The Carrot Tribune - June 2017

The Carrot Tribune

 

In this issue...

  • Basic Bunny and Guinea Pig Class - June 10
  • Hoppy Hour - June 17
  • Bunny of the Month
  • Twenty-Five Years of BUNS: A No Kill Shelter
  • I Maddonari
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Basic Bunny Class, June 10

1:00 to 2:00 - Handling and Husbandry
2:00 to 2:30 - Training

Bring your Rabbit or Guinea Pig. Learn easy handling and care-taking during the first hour, then for the last half hour play training games that are fun for you and your pet! 

$5.00 for an individual
$10.00 for a family
Free to BUNS volunteers

All classes are in the Humane Society Education Building, at 5399 Overpass Rd, Goleta, (to the east  of the Animal Shelter)

Our next class is April 8. Join us on our Facebook event page to learn more! 


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Hoppy Hour - June 17

Bring your fuzzy friend, June 17 from 1:30 PM to 3:30 PM and give them an opportunity to socialize with other rabbits! Socialization is a very important part of overall rabbit welfare, and a Hoppy Hour is the perfect opportunity to let your bunny play with others. 

Hoppy Hour will take place on the Humane Society Lawn, at 5399 Overpass Rd, Santa Barbara, CA 93111. Admission is $10 per rabbit. All animals must be healthy and rabbits must have been spayed or neutered at least 30 days in advance.

We'll be providing light refreshments for both you and your bunny, so please join us for an afternoon of fun!

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Bunny of the Month

Our Bunny of the Month is Darla, a stunning girl with a curious and friendly personality. She loves to know what everyone is doing, and loves getting treats, as well! She has the most stunning blue eyes, and her lovely gaze will melt your heart. Darla is hoping to find her forever home with you.

Want to know who our Guinea Pig of the Month is? Visit our website to find out!


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Twenty-Five Years of BUNS: A No Kill Shelter

This year is the 25th anniversary of BUNS! We're celebrating by sharing stories from our volunteers about their experiences with BUNS. This month's story comes from long-time volunteer Jean Silva:

In 1992, when BUNS was founded, public shelters faced a population problem. Public shelters are open admission: they accept any stray animal from their service area. These shelters had only so many cages or kennels and only so many staff. So when the cages and kennels were full, the arrival of a new animal meant that another animal had to go. Of course adoptions were the best outcome, but when no other option was available, euthanasia was the answer. No kill shelters, in contrast, managed their populations by admitting a new animal only when space was available.

BUNS was different. We were an open admission no kill shelter. Our volunteers did not plan on euthanizing any healthy rabbit. Indeed many of our early volunteers began work at the shelter to save lives. So we did all the work, provided all the cages and hutches, and paid all the bills. When we ran out of space for rabbits, we found or bought another hutch; we moved rabbits into foster homes. As the number of rabbits at the shelter grew, we found new volunteers or worked harder. But, no matter what, we did not euthanize healthy rabbits.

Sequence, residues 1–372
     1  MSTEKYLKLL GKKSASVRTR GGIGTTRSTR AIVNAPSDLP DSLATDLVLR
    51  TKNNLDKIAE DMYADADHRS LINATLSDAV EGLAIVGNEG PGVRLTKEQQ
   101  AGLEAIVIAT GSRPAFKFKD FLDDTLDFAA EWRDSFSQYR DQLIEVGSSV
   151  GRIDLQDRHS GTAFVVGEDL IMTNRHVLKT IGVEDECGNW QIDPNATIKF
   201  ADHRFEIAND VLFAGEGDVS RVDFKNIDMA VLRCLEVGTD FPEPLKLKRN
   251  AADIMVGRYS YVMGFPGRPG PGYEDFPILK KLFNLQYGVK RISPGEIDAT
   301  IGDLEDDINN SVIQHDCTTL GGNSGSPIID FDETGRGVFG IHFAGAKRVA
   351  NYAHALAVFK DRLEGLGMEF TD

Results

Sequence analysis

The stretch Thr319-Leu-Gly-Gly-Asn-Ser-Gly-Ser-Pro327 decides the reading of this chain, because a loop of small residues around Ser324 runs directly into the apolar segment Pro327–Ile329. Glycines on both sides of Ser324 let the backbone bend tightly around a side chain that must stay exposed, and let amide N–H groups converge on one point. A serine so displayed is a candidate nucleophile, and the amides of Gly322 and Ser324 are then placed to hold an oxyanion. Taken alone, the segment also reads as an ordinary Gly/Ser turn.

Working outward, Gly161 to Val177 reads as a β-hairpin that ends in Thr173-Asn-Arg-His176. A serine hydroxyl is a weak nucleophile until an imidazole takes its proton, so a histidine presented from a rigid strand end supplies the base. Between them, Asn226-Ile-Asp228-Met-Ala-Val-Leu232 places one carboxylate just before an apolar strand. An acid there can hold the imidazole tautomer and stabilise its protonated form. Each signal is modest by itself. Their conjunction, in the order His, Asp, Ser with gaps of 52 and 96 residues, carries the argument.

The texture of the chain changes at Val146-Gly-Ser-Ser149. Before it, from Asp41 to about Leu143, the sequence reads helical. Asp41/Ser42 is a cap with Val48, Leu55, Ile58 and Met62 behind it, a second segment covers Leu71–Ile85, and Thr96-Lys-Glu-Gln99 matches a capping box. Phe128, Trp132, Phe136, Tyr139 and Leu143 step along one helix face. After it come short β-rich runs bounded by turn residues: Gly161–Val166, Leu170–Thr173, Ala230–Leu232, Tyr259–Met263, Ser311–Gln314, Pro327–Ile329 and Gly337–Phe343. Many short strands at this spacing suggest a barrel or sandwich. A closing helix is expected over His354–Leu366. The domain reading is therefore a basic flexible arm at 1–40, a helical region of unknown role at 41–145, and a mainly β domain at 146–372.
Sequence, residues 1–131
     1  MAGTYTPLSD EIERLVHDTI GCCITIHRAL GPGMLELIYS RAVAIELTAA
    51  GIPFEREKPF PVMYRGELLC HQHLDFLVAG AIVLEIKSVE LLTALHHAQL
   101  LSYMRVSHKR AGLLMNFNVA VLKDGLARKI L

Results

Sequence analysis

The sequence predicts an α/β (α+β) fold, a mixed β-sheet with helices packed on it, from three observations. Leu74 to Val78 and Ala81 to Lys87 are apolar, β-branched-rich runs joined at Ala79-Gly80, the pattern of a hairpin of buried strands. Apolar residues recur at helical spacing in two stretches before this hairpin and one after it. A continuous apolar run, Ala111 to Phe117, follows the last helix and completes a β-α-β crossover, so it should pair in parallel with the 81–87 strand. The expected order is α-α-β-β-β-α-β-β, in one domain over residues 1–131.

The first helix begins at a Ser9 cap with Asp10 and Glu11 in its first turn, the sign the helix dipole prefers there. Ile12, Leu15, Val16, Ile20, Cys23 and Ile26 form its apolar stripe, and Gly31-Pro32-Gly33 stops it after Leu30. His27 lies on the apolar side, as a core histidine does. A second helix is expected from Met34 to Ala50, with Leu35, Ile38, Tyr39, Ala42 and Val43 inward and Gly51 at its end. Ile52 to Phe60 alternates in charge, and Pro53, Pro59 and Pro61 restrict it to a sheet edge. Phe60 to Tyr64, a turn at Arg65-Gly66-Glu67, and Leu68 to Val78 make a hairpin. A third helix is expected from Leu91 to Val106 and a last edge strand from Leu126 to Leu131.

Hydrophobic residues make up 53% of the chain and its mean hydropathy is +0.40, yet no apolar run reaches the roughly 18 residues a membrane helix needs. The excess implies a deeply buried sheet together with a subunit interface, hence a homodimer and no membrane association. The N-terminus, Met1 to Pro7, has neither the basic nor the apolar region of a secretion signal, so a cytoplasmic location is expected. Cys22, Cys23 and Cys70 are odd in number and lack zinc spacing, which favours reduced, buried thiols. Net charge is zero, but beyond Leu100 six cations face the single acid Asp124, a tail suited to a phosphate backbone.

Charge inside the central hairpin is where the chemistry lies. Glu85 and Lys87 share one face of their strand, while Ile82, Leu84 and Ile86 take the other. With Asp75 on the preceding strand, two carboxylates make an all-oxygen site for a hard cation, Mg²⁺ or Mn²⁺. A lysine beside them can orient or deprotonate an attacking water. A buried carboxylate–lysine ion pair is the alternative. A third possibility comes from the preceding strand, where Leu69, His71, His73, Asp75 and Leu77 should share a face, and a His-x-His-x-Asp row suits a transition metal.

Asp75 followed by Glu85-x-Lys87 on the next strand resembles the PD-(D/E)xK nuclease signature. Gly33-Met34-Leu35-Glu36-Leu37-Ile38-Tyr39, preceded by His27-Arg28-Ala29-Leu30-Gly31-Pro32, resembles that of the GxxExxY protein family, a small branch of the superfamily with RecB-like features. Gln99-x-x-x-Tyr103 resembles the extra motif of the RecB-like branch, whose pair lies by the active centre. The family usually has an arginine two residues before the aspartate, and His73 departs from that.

Most weeks only one or two rabbits would come into the shelter. So all we had to do was keep a couple of cages open at all times. The challenge was to find space for groups of bunnies. Family groups could be housed in one hutch, but as the babies grew more space was needed. Fortunately the Long Run was donated. It was bout 10 feet long, with an enclosed cage at one end and the remaining 7’ as a fully enclosed wire run.

In 2001 our newsletter reported: “On Wednesday December 28th, BUNS received 19 Agouti rabbits. Many of these poor little souls had sore paws, and two of them required extensive medical attention for jaw abscesses and GI blockage. Another one, named Gino, just decided he did not like this whole thing and stopped eating. Thanks to the quick response of all our volunteers we have been able to shelter them all. All of them are making full recoveries. Now we are on the lookout for good homes for all of them.” After this, we began to collect cages.

A local research facility that went out of business donated 19 small rabbit cages. Mostly the cages were stored. But in an emergency they could be used as temporary housing. Rabbits could stay there until a foster home or a larger cage opened.

During the Jesusita Fire in 2009, BUNS filled to the rafters. A BUNS foster home and a rabbit border had to be evacuated. One of our volunteers, Andrea, turned her backyard into a bunny refuge for our BUNS fosters. Meanwhile, evacuees were bringing their rabbits to the shelter. Jean, whose own fosters were evacuated to Andrea’s, spent the night at the shelter. Each time a new rabbit arrived, she would pull an emergency cage from storage. She set it on top of a hutch added a litter box, food and water. The shelter stayed open all night receiving dogs, cats and rabbits.

The next morning BUNS volunteers appeared without being asked. Everyone worked extra shifts: checking new rabbits, trimming nails, cleaning and feeding. Our wonderful volunteers kept this up until people were able to return to their homes and claim their bunnies.

And so it goes, once every one or two years we get a large group of rabbits. Overnight the shelter population can double. Our last big group was the Christmas rabbits. Twenty eight rabbits arrived in December 2013. We still have 12 of this group at the shelter.

When the next fire happens. When the next family whose breeding got out of control arrives, BUNS will be there for you and for the rabbits.


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I Maddonari on Facebook


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